Press Release
U.S. Fish and Wildlife Service Seeks Public Comment on Draft Environmental Assessment and Conservation Plan for Incidental Take Permit Application Covering Multiple Wind Energy Projects in Kern County
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Palm Springs, Calif.The U.S. Fish and Wildlife Service is seeking public comment on a draft Environmental Assessment and draft Conservation Plan in support of an incidental take permit application from the Wind Energy Condor Action Team (WECAT). WECAT is comprised of 24 member companies that own and operate wind energy projects in the Tehachapi Wind Resource Area in Kern County, California.  The single permit application, if approved, would cover the incidental take of up to 11 free-flying California condors and 11 associated eggs or chicks over 30 years for the operation of the facilities.

“We are dedicated to partnering with the public, landowners, government agencies, and other stakeholders to identify innovative strategies for conserving and recovering listed and at-risk species,” said Scott Sobiech, Field Supervisor for the Carlsbad and Palm Springs Fish and Wildlife offices. “The Service has a demonstrated history of successful working relationships with wind companies, and this collaborative approach to conservation will reduce potential impacts to the California condor.

The Tehachapi Wind Resource Area in Kern County has the largest output of any wind resource area in the State. WECAT members currently operate approximately 1,282 turbines across approximately 200 square miles with 2.3 gigawatts of generating capacity, which represents approximately 72 percent of the current wind energy generating capacity within the Tehachapi Wind Resource Area.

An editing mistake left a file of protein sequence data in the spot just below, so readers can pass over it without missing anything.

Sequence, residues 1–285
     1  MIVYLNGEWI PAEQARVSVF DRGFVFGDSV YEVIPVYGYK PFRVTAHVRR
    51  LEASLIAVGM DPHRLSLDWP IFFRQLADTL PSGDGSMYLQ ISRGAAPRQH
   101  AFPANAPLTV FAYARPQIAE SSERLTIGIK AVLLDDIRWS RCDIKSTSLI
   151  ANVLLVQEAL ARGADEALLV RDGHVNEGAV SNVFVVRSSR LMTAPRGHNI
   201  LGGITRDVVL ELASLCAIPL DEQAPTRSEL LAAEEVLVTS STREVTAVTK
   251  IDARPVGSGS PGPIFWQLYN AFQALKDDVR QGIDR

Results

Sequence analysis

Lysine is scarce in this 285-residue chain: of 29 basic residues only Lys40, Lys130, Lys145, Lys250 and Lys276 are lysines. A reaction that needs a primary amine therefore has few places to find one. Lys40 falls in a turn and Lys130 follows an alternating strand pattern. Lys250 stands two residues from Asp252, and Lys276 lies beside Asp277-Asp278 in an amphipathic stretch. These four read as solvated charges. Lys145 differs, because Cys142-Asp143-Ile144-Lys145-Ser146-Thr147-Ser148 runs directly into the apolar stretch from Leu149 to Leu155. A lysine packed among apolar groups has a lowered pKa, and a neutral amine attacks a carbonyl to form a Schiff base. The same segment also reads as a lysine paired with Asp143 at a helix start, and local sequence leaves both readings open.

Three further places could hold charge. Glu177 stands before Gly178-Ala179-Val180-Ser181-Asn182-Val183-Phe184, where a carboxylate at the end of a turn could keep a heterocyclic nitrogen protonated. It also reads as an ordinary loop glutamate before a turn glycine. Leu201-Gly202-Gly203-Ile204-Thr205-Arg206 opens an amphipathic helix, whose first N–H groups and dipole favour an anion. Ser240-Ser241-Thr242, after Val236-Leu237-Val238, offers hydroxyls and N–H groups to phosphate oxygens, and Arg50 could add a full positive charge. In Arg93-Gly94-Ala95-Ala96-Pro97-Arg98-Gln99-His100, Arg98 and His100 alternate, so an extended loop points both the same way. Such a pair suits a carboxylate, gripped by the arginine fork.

“This permit application demonstrates the industry’s commitment to address risks to condors from operating facilities and to minimize and mitigate those risks,” Sobiech said.

This is the third permit application for wind energy facilities in the Tehachapi Wind Resource Area, all of which include comprehensive strategies to minimize and mitigate the take of condors. In June 2021, the Service issued an incidental take permit for the Manzana Wind Power Project, which has been in operation since 2012, and includes a conservation plan that provides mechanisms for the company to manage risk during operations, while aiding recovery efforts for the California condor. The Service is currently considering a similar application for an incidental take permit at the Pine Tree Wind Farm.

The condor is North America’s largest bird and is listed as an endangered species under the Endangered Species Act. There have been no documented cases of a wind turbine injuring or killing a condor. However, as the species continues to recover and the population in the wild increases, so does the likelihood of condor activity and potential for moralities at wind energy projects.   

The draft Conservation Plan describes measures that WECAT members would take to minimize and mitigate the potential impact on condors from the operation of their wind energy projects. Minimization measures include a system to detect approaching condors and to curtail operation of wind turbines if an individual is at risk of collision. Additionally, WECAT would work with a captive breeding facility to fund the breeding of additional condors for release into the wild to offset the potential loss of any adult condors, eggs or chicks. A monitoring program would ensure plan compliance over the life of the permit.

Copies of the draft Environmental Assessment and draft Conservation Plan are available at by searching Docket Number FWS-R8-ES-2022-0170.

Comments on the draft documents will be accepted until March 24, 2023. You may submit comments online at by following the instructions for submitting comments on docket number FWS-R8-ES-2022-0170; or by mail to Attn: Docket No. FWS-R8-ES-2022-0170; U.S. Fish and Wildlife Service, MS: PRB/3W, 5275 Leesburg Pike, Falls Church, VA 22041-3803.

A copy of the notice was published in today’s Federal Register at

The U.S. Fish and Wildlife Service works with others to conserve, protect, and enhance fish, wildlife, plants, and their habitats for the continuing benefit of the American people. For more information about our work and the people who make it happen, visit or connect with us via Facebook, Twitter, YouTube and Flickr.

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Endangered and/or Threatened species